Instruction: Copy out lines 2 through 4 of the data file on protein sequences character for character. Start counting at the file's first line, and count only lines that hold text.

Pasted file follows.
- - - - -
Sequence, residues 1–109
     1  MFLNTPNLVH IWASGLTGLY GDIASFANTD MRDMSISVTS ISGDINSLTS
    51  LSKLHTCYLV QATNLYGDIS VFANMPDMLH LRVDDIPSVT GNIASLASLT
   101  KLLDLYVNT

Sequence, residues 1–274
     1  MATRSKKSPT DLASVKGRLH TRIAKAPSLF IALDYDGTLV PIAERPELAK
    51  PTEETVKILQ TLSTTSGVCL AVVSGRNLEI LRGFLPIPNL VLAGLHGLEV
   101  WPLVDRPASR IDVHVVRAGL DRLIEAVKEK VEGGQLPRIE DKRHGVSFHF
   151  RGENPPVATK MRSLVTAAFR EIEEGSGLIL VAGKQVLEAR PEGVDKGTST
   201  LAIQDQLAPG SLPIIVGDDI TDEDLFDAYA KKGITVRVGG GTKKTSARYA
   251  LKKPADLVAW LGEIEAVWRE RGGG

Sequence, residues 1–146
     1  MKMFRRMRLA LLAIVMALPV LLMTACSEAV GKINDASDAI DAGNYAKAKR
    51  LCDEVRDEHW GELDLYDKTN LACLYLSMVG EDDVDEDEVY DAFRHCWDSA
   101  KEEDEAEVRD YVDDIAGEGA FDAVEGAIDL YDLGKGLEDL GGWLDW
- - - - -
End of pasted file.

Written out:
     1  MFLNTPNLVH IWASGLTGLY GDIASFANTD MRDMSISVTS ISGDINSLTS
    51  LSKLHTCYLV QATNLYGDIS VFANMPDMLH LRVDDIPSVT GNIASLASLT
   101  KLLDLYVNT